Cologne hits the fan ...

Its hard to make sense of it all, but Zizek makes a good start, see here,

a friend added that it looks something like this ...

" … a carnivalistic reaction of the underdogs to
Western [or global?] capitalism"

And if you can put all that together, we might have a more useful way to approach the intersection of people outside the Railway station / Cathedral in Koln, no?


You know the saying: "for evil to happen, it just requires that good people do nothing”. We all live with the knowledge that glam-capitalism produces an underclass / underdogs, and then we’re somehow surprised that the dogs bite. And the underclass is locked into the master/dog relationship (apologies to Hegel) by envy and aspiration (see Badiou, in Zizek's article, above) in many ways - including the weekly ritual of purchasing 'lottery tickets' (which are mostly purchased by those who have the least disposable income, and which is, on balance, a way of redistributing wealth away from the poorest).

Financial colonialism and the obscenity of billionaires doesn't look too different from the imperialistic colonialism of our forefathers. The images of glam-capitalism and conspicuous consumption, including art works for £100M plus, are the modes of production that float/underpin the 'liberal' media that we all still celebrate. Time for some pop-art/protest deconstruction of the image-pillars of our social semiotics, no? (See the Tate Modern / EY exhibition, The World Goes Pop)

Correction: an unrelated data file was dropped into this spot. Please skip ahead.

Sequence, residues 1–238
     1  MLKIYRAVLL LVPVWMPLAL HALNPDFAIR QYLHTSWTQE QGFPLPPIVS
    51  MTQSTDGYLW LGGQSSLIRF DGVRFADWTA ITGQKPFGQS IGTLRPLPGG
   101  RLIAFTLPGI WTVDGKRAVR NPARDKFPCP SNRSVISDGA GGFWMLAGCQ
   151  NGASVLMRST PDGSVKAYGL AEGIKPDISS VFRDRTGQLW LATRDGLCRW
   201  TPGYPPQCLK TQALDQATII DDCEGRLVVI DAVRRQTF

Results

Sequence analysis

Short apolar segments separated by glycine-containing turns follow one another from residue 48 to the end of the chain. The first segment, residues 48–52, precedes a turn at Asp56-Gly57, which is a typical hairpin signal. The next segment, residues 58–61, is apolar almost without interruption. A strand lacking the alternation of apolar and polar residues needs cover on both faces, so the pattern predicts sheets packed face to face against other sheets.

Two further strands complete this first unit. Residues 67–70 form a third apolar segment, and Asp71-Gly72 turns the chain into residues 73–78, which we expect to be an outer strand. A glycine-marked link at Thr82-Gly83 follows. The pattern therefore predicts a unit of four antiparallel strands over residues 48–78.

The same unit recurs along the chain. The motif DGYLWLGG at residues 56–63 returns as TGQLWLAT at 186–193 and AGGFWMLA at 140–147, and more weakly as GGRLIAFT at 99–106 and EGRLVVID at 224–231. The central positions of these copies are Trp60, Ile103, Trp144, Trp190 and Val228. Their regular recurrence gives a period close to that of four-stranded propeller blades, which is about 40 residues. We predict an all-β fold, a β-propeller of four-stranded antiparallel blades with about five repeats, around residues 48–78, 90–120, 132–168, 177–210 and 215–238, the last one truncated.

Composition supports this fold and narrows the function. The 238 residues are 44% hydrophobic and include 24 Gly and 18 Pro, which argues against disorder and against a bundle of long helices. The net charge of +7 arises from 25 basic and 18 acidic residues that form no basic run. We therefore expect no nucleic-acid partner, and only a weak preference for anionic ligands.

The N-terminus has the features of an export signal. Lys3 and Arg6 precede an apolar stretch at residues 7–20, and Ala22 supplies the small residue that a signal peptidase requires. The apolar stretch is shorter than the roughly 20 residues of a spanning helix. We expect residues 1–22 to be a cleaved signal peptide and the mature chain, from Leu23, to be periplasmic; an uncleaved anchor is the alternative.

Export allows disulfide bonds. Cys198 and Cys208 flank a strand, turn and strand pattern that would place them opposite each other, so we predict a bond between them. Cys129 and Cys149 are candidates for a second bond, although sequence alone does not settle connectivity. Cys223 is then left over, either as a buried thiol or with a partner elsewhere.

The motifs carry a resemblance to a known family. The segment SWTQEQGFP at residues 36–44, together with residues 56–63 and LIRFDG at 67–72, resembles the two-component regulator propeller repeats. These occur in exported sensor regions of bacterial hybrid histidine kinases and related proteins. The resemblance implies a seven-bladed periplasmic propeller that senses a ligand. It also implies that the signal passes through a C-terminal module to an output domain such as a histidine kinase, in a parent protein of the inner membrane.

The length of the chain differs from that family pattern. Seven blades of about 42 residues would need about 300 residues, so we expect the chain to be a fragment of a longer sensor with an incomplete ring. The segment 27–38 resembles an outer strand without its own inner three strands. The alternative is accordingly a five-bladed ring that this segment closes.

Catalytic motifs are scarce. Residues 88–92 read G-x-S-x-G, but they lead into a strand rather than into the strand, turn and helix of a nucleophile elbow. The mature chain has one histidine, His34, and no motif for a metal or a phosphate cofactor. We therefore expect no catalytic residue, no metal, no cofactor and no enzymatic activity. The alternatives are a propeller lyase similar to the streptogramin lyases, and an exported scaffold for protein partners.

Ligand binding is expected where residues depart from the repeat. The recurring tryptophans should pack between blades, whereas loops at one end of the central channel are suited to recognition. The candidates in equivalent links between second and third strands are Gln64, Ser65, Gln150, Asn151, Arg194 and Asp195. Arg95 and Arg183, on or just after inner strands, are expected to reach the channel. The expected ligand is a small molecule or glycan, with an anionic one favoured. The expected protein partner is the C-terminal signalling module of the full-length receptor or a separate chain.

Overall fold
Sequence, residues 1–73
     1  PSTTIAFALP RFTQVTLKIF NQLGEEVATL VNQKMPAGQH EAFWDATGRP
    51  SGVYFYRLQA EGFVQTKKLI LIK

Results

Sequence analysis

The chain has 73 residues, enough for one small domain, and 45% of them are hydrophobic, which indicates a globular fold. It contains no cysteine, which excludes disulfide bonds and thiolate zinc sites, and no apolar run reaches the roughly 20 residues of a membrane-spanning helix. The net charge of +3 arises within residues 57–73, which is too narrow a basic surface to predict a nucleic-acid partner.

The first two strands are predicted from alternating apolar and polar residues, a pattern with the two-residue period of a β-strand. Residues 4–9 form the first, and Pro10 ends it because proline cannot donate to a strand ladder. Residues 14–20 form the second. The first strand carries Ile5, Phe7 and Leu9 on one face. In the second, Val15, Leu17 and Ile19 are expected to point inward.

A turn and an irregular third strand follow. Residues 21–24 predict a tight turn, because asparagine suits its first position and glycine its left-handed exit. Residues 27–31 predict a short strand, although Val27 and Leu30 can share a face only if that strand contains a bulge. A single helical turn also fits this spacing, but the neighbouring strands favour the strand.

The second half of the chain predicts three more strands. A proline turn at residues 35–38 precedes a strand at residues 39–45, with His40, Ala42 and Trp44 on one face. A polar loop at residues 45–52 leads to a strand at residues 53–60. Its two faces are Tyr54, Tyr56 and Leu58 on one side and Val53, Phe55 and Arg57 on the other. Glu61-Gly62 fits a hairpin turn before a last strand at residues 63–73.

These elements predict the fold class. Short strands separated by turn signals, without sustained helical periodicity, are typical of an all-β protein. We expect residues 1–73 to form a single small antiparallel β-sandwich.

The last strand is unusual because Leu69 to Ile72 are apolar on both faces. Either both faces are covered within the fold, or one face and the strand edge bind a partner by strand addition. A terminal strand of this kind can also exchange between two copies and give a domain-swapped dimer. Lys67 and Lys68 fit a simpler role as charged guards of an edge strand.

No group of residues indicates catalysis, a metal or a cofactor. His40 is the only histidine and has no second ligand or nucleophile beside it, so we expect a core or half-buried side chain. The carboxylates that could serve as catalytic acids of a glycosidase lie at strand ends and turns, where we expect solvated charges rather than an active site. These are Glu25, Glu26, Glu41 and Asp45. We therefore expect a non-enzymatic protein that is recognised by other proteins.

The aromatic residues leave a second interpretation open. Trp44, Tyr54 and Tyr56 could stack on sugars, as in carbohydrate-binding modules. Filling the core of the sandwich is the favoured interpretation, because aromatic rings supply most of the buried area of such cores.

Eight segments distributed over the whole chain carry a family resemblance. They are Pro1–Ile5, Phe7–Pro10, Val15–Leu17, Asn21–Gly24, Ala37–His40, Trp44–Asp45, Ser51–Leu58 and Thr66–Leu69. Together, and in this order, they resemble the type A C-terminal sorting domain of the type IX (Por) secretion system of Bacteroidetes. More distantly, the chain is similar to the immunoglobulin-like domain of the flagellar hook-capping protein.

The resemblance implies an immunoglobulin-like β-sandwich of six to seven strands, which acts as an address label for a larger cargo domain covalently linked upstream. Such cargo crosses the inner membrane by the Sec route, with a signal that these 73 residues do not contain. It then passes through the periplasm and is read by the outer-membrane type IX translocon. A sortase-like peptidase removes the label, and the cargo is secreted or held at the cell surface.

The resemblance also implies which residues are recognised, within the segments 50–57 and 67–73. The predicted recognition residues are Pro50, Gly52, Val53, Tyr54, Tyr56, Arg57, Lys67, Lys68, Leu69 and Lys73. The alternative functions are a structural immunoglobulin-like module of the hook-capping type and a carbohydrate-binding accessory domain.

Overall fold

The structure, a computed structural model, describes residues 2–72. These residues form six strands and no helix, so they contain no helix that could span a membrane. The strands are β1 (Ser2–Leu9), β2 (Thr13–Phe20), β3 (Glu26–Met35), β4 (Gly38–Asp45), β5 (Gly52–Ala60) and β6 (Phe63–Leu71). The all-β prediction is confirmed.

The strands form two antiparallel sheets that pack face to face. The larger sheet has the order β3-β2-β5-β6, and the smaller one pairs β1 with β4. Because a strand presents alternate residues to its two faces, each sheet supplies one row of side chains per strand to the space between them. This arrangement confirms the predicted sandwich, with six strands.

These modes of consumption have replaced the modes of production, but who wants to take over the modes of consumption of the billionaires? And why would they / we? It's a non-sequitur. Global warming would just go into hyper-drive. A carnivalesque death wish if ever there was one. So we are all also suicide 'bombers', in our own sweet way. (And Stephen Hawkins has just started his take on the Reith lectures in which he is apparently going to make the same kind of point).

So, the attraction of the austere aspects of Islam, of mystical Christianity, and Zen / Buddhism makes sense (as does Weerasethakul's work - (see Tate etc, Spring 2016), in which he says "The act of closing one's eyes for refuge, or for transporting oneself to another reality, or to 'see', to me is a very relevant mechanism in this [violent, contemporary Thai] landscape. It's a kind of revolt."

On the other hand, eating our own planet / our own selves to extinction, indulging in suicide 'bombing' (or even worse, 'off- balance-sheet suicide bombing') of you/our choice, while pretending the hidden hand of the market will make it all end happily ever afterwards seems like a macabre burlesque in comparison.


As Marat Sade might have put it, 'the carnival is dead, long live the carnival!'